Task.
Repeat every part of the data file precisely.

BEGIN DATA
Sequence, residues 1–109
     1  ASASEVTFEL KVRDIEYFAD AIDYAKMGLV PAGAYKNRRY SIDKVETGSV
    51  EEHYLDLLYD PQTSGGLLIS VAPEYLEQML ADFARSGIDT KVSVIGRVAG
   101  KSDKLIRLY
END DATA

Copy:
Sequence, residues 1–109
     1  ASASEVTFEL KVRDIEYFAD AIDYAKMGLV PAGAYKNRRY SIDKVETGSV
    51  EEHYLDLLYD PQTSGGLLIS VAPEYLEQML ADFARSGIDT KVSVIGRVAG
   101  KSDKLIRLY